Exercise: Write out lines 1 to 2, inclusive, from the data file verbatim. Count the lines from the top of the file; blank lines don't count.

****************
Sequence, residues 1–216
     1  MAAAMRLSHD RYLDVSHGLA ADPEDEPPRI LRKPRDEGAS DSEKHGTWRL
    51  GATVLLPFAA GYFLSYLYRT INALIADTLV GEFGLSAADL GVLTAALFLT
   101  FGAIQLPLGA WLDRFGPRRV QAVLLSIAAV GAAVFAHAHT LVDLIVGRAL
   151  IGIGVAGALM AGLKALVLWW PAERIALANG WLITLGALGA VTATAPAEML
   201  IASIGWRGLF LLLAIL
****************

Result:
Sequence, residues 1–216
     1  MAAAMRLSHD RYLDVSHGLA ADPEDEPPRI LRKPRDEGAS DSEKHGTWRL